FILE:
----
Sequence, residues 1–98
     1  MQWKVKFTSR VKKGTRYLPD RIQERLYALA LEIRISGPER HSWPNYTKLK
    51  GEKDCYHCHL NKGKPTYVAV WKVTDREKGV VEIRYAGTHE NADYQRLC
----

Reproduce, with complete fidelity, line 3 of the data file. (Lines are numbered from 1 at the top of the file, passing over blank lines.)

    51  GEKDCYHCHL NKGKPTYVAV WKVTDREKGV VEIRYAGTHE NADYQRLC